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Rheumatoid Arthritis

Rheumatoid arthritis (rue-ma-TOYD arth-write-tis) involves inflammation in the lining of the joints and/or other internal organs. RA typically affects many different joints and is usually chronic involving multiple flare-ups.

RA is a systemic disease that affects the entire body and is one of the most common forms of arthritis. It is characterized by the inflammation of the membrane lining the joint, which causes pain, stiffness, warmth, redness and swelling. The inflamed joint lining, the synovium, can invade and damage bone and cartilage. Inflammatory cells release enzymes that may digest bone and cartilage. The involved joint can lose its shape and alignment, resulting in pain and loss of movement.

What Are the Symptoms?

Symptoms include inflammation of joints, swelling, difficulty moving and pain. Other symptoms include:
  • Loss of appetite
  • Fever
  • Loss of energy
  • Anemia
Can affect other parts of the body. Other features include lumps (rheumatoid nodules) under the skin in areas subject to pressure (e.g., back of elbows).

What Causes It?

The cause of rheumatoid arthritis is not yet known. However, it is known that RA is an autoimmune disease. The body's natural immune system does not operate as it should, resulting in the immune system attacking healthy joint tissue and causing inflammation and subsequent joint damage.

Researchers suspect that agent-like viruses may trigger RA in some people who have an inherited tendency for the disease. Many people with RA have a certain genetic marker called HLA-DR4. Researchers know that there are other genes that influence the development of RA.

What Are the Effects?

Early in the disease, people may notice general fatigue, soreness, stiffness and aching. Pain and swelling may occur in the same joints on both sides of the body and will usually start in the hands or feet. RA affects the wrist and many of the hand joints, but usually not the joints that are closest to the fingernails (except the thumb). RA also can affect elbows, shoulders, neck, knees, hips and ankles. It tends to persist over prolonged periods of time, and over time, inflamed joints may become damaged. Other features include lumps, called rheumatoid nodules, under the skin in areas that receive pressure, such as the back of the elbows.

How Is It Diagnosed?

It is important to diagnose RA early in the course of the disease, because with the use of disease-modifying drugs, the condition can be controlled in many cases. Physicians diagnose RA based on the overall pattern of symptoms, medical history, physical exam, X-rays and lab tests including a test for rheumatoid factor. Rheumatoid factor is an antibody found in the blood of about 80 percent of adults with RA. However, rheumatoid factor may be seen in other conditions besides RA.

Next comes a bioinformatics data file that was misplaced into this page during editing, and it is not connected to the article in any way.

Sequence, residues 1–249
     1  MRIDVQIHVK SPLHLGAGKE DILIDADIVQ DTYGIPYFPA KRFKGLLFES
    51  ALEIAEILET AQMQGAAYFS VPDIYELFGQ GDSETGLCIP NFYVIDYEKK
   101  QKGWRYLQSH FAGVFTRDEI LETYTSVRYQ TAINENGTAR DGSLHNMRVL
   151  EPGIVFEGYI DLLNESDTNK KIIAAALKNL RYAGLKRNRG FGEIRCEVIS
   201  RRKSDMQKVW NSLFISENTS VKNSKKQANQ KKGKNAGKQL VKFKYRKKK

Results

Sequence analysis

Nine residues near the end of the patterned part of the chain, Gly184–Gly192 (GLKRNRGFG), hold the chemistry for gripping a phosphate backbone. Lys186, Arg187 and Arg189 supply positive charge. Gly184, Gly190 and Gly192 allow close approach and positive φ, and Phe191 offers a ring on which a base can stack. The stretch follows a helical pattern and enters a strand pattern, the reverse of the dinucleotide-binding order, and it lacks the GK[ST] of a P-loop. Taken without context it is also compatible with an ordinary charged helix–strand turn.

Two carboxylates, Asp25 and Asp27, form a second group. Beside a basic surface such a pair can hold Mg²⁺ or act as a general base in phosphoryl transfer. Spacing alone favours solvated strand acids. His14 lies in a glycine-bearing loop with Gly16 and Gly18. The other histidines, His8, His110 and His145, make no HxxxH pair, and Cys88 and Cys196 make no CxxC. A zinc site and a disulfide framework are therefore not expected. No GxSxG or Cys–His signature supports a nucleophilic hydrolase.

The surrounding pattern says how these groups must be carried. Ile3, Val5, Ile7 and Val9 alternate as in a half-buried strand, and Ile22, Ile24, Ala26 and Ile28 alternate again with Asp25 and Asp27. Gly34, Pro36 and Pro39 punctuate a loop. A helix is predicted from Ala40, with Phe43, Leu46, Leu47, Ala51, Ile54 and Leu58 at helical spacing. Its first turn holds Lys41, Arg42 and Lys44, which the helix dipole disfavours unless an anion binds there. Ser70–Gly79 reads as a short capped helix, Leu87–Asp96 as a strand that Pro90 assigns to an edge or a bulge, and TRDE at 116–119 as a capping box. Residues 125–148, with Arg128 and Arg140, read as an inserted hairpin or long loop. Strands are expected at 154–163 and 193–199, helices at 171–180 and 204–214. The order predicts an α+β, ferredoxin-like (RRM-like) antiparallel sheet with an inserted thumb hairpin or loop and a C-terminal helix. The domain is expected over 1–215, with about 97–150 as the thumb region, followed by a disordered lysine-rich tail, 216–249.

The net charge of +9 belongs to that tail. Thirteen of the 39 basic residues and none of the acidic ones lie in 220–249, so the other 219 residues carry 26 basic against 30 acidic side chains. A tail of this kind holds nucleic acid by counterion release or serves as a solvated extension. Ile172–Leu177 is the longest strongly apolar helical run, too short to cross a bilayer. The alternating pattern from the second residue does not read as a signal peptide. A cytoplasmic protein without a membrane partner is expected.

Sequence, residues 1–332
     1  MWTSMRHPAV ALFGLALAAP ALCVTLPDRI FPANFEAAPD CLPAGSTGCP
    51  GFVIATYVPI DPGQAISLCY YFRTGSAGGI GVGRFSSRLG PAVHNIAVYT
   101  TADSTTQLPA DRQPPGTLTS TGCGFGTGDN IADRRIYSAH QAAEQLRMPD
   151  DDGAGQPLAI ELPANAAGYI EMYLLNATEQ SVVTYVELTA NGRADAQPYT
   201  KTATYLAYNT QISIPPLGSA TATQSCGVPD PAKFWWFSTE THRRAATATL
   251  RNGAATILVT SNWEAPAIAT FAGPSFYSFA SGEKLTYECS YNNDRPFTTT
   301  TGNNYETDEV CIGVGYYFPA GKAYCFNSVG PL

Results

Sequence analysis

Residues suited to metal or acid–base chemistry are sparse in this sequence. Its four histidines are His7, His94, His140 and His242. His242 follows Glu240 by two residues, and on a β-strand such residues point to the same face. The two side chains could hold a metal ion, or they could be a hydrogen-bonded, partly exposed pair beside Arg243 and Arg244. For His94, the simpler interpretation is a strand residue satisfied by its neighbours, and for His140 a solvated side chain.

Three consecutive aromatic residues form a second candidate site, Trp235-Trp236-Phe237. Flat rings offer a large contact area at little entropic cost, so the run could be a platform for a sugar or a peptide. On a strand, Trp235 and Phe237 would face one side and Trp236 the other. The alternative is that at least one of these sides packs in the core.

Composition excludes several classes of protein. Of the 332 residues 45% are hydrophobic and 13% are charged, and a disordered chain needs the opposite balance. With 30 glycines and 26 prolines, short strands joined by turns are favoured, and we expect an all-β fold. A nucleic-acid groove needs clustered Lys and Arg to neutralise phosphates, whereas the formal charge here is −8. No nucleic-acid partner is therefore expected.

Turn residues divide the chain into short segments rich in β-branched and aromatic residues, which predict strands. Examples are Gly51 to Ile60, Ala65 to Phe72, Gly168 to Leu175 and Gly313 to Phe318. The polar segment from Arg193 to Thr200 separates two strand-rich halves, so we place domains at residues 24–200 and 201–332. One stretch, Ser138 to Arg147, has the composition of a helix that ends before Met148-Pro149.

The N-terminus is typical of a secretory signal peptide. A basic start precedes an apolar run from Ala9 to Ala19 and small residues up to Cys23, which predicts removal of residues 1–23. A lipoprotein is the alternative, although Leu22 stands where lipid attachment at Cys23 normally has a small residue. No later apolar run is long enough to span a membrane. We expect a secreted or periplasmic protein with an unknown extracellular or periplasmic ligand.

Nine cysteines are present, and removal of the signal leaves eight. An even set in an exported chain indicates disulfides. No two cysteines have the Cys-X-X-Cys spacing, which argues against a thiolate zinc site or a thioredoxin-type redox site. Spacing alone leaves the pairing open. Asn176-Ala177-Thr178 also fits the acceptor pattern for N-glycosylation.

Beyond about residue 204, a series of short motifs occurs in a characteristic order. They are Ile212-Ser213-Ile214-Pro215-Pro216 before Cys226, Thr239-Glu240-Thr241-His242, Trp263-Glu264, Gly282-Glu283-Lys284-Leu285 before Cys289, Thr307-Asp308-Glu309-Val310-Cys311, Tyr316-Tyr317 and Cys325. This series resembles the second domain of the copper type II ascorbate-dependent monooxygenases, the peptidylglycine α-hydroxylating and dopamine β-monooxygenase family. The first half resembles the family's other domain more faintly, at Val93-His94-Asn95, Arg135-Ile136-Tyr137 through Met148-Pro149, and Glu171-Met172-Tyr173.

Treatment Options

Highly effective drug treatments exist for rheumatoid arthritis. Early treatment is critical. Current treatment methods focus on relieving pain, reducing inflammation, stopping or slowing joint damage, and improving patient function and well-being. Medications can be divided into two groups

Symptomatic medications, such as NSAIDs and aspirin, analgesics, and corticosteroids, help reduce joint pain, stiffness and swelling. These drugs may be used in combination. Disease-modifying antirheumatic drugs (DMARDs) include low doses of methotrexate, leflunomide, D-Penicillamine, sulfasalazine, gold therapy, minocycline, azathioprine, hydroxychloroquine (and other antimalarials), cyclosporine and biologic agents.

People with moderate to severe RA who have not responded well to disease modifying anti-rheumatic drugs (DMARDs) may opt to try Prosorba therapy.

In addition, treatment most often involves some combination of exercise, rest, joint protection, and physical and occupational therapy. Surgery is available for joints that are damaged and painful. A balance of rest and exercise can help conserve energy and maintain range of motion and use of the joints.

Natural Alternatives

Evening Primrose Oil: Supplementation with evening primrose oil and other sources of GLA has been shown to lessen the joint pain and swelling of this crippling disease.

Boswellia: Arthritis sufferers taking Boswellia have experienced reduced swelling and inflammation, and eventually increased mobility, in the back, knees, hips, and other joints.

Recommended Herbs:

Evening Primrose Oil


Calcium-Magnesium Formula

Arthritis Foundation-Comprehensive website dedicated to assisting those who suffer from all forms of arthritis
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